Viewing Posts by Archana Shetty
Presentation Recap: Collaborative Leadership in the Age of Artificial Intelligence
Virtual Experience Series
Categories: Virtual Experience Series
By Archana Shetty, PMP
I recently presented at the PMI Virtual Experience Series 2021 event on 6-7 October, which was an amazing opportunity to learn from fellow speakers and participate in exhibits and networking activities.
My presentation, Collaborative Leadership in the Age of Artificial Intelligence, focused on how project leaders could use the collaborative leadership model to address the challenges that leaders are experiencing right now, such as low team morale, burnout, decrease in engagement, disconnection, stress, anxiety, deteriorating culture and other salient issues that leaders face during uncertainty and rapid change.
The collaborative leadership model helps leaders build and sustain high-performing, value-creating, self-organized, resilient teams that thrive even in uncertainty. Applying the framework ultimately increases resiliency, talent density, collaborative work, a high-trust culture, employee engagement and customer delight.
Many of the participants appreciated these key takeaways from the presentation:
During my presentation, I received a lot of great questions especially around appraisal and feedback, and I would like to expand on that topic here.
Today the micro-unit of success in an organization is no longer an individual but a team – it’s the cohesion and bond within a team that creates energy. When done well, it has the potential to fuel an entire organization. It’s the law of chemistry - energy is released when bonds form.
As leaders, we have an incredible opportunity to create bonds, to create an environment where teams can thrive. One of the pieces in the puzzle of creating a thriving environment in my collaborative leadership model is feedback. How do we provide feedback, aka “have a thrive conversation,” using the collaborative leadership model?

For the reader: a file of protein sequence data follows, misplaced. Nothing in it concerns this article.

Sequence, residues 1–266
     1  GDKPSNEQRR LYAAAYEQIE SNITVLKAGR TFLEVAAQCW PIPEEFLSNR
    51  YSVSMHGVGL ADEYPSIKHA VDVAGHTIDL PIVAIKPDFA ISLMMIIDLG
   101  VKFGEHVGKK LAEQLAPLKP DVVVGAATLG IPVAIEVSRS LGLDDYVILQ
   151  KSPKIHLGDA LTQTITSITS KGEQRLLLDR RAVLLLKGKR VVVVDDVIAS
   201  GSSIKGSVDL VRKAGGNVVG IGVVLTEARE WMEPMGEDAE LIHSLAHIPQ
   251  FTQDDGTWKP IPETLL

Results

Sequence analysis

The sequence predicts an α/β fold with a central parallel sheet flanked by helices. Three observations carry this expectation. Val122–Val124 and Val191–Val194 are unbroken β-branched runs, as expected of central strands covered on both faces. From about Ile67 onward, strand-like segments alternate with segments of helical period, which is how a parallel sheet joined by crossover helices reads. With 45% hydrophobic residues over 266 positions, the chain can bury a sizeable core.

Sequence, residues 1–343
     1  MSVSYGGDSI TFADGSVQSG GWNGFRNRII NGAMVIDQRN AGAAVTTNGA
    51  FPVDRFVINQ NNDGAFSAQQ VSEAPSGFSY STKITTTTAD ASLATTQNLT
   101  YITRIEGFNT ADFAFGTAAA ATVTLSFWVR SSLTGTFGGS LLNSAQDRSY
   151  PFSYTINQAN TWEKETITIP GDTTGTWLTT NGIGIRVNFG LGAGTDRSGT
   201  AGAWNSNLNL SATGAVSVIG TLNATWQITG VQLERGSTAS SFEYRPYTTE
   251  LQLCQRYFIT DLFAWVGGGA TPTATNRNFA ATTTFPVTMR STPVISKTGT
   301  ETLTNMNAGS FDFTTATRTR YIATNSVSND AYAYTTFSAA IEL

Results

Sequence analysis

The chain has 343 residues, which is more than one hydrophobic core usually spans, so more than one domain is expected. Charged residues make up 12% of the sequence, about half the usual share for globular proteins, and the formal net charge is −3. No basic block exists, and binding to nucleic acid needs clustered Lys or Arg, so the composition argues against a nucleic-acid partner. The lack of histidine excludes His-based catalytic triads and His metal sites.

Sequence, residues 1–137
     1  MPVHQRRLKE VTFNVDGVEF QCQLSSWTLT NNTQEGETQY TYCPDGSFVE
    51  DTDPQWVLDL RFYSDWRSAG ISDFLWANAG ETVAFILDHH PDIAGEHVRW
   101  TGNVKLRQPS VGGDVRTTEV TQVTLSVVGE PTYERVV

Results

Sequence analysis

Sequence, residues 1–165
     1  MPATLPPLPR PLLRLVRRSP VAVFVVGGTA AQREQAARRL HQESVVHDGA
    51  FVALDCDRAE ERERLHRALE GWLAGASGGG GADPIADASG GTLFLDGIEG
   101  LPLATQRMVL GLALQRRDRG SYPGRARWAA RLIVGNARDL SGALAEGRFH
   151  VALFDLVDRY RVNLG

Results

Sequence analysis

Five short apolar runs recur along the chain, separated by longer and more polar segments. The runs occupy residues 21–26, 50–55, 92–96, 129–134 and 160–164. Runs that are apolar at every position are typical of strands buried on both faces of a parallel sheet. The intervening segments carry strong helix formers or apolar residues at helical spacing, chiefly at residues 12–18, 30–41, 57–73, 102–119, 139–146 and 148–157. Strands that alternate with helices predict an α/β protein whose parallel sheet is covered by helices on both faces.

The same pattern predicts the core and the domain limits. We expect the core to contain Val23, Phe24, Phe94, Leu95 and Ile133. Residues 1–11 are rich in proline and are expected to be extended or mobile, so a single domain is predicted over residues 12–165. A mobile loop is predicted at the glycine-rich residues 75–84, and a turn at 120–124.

Feedback is typically given during the annual performance review process once or twice a year. The appraisal is then linked to a bonus or financial incentives. Annual appraisals are generally conducted through the lens of fixing the gaps – What has gone wrong? What needs to be done to fix the weakness? The conversation typically revolves around the gaps. This is draining for both the manager and employee. It’s no wonder that most people dread appraisals.
There was a time in organizational history when this was useful because there wasn’t any feedback back then. Feedback was introduced as a tool in 1950’s with the noble intention of improving performance.
If you are like me, you would want feedback to legitimately get better, but when these conversations happen once or twice a year, they are not very useful because either it’s too late, or too generic or out of context. Appraisal then becomes just a formality, a checkbox to tick.
Organizational psychologist and Stanford professor Bob Sutton once told the New York Times, “If performance evaluations were a drug, they would not receive FDA approval. They have so many side effects, and so often they fail.”